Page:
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  • Print publication year: 2013
  • Online publication date: February 2013

17 - Comportment

from Section I - Structural and Functional Neuroanatomy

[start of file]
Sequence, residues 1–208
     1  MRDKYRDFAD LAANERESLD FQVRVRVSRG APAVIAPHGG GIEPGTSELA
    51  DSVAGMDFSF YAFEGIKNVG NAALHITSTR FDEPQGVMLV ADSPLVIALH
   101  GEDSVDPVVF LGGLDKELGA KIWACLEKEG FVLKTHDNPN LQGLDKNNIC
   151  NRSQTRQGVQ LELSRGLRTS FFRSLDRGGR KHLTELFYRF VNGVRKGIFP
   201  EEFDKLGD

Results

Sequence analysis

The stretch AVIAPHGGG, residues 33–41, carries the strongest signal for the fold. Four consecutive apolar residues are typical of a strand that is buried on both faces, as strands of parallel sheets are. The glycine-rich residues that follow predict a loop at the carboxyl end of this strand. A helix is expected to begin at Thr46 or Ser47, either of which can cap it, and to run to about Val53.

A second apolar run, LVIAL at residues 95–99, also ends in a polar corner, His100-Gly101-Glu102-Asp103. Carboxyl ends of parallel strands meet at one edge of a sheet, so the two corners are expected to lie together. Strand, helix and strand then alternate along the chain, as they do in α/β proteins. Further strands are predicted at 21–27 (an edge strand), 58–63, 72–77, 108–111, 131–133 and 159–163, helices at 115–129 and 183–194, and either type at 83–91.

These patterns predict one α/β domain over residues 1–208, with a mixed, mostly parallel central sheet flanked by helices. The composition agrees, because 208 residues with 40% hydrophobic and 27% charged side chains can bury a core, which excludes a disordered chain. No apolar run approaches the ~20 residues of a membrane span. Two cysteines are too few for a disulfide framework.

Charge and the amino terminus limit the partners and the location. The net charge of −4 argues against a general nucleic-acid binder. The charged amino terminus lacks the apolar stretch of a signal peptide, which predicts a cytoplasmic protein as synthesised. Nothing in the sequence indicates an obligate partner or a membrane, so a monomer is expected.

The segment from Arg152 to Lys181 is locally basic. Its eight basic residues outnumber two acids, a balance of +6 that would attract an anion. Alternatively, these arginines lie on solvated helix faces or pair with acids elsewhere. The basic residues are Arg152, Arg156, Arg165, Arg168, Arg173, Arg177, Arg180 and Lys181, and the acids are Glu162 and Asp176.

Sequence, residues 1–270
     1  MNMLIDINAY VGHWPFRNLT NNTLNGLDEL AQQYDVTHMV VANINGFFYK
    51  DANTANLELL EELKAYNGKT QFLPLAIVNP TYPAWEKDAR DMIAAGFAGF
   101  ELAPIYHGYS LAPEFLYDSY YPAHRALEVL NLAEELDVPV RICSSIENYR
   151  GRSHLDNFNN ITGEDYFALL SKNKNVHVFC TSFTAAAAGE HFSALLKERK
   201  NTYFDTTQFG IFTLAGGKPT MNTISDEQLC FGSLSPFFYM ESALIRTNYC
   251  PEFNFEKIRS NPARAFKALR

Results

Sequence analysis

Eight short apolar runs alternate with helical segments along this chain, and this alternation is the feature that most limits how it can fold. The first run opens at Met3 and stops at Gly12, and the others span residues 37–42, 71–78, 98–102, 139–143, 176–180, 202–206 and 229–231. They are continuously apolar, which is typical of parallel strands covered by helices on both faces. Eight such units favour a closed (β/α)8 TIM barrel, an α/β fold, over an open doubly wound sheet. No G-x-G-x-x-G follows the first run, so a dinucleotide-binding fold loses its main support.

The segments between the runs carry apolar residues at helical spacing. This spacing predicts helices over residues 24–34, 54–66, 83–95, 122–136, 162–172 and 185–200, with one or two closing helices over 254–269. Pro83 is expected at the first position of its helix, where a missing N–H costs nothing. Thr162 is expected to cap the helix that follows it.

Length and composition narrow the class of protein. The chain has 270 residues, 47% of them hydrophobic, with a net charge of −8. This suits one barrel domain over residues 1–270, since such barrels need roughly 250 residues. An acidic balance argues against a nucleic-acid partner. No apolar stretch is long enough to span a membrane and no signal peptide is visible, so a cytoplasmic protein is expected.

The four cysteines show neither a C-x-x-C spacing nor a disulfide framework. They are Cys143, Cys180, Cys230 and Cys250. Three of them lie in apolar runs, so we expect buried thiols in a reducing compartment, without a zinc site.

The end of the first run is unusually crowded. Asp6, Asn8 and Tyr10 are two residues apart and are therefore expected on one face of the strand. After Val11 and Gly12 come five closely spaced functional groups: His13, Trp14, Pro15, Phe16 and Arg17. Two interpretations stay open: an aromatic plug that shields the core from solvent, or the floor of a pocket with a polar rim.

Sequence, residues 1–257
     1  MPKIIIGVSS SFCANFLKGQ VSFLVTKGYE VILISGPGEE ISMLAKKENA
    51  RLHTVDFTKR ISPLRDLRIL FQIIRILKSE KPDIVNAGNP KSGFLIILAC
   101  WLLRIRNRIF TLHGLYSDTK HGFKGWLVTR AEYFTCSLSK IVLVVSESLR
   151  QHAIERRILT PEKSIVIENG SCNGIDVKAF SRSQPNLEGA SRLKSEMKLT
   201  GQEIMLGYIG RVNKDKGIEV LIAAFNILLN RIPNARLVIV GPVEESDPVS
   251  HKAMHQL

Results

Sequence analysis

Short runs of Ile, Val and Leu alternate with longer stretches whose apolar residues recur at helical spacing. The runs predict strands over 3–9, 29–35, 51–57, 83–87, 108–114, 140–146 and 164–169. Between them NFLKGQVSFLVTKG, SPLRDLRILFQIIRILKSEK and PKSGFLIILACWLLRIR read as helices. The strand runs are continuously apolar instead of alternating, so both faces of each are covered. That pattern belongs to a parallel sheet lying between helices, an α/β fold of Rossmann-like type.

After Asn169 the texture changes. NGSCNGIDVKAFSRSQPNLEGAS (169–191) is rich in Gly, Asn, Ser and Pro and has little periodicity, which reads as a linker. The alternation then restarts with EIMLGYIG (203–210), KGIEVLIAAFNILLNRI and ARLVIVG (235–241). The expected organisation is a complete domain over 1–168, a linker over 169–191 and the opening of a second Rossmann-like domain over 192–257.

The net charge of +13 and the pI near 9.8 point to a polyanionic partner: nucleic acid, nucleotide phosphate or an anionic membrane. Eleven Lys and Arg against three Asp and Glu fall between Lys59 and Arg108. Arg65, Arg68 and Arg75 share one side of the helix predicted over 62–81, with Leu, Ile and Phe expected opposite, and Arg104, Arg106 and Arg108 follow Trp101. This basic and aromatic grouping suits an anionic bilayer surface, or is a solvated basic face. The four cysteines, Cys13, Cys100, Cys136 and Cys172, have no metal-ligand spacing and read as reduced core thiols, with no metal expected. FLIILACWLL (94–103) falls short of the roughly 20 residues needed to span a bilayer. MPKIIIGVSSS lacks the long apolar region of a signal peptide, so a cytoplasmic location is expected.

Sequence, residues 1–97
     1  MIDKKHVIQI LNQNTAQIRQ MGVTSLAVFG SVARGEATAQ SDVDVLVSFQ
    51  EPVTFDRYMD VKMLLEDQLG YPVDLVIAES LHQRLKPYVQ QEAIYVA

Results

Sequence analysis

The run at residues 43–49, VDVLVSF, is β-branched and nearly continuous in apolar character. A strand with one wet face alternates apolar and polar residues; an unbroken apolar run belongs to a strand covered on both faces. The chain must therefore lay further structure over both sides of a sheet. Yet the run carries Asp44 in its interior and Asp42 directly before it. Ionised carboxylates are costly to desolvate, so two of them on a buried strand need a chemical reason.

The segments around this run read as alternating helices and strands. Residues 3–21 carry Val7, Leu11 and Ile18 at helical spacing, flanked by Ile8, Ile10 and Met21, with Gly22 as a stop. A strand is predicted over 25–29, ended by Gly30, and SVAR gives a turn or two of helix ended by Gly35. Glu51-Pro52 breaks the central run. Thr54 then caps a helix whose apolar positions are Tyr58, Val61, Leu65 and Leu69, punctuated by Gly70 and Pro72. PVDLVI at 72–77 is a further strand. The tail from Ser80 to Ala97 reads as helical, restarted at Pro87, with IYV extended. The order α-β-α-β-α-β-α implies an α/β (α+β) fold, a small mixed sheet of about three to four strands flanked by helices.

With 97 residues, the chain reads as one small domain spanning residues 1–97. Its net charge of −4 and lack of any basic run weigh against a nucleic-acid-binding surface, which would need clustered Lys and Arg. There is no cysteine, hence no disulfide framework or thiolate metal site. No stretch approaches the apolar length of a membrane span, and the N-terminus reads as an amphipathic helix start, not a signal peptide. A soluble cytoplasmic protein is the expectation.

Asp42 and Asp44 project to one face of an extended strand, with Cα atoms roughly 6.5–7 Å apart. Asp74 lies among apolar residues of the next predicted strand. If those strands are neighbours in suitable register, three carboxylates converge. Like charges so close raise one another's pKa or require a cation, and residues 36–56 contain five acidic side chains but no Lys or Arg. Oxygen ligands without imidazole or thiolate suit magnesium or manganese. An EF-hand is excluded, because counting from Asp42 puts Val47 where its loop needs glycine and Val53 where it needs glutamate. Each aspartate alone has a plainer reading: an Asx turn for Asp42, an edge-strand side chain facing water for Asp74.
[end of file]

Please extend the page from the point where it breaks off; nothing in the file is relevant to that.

Motivation implies activation of the organism by external or internal stimuli resulting in goal-directed behaviors. Loss of motivation constitutes the core symptom of apathy, a syndrome frequently found among patients with acute or chronic neurological conditions such as stroke, traumatic brain injury, and dementia. The mechanism of motivated behavior is based on neural structures that attach salience and valence to a given stimulus, and activate and direct an appropriate behavior in response to that stimulus. Dopamine (DA) is considered to play a central role in the mechanism of motivation and regulation of effort-related processes. The classical studies linking DA to motivation were based on stereotaxic injections of neurotoxin into the afferent projections of the mesolimbic and mesocortical pathways, which produced severe aphagia and adipsia. The nucleus accumbens seems to mediate the primary motivational characteristics of feeding and reproductive behavior as well as reward-motivated behaviors.

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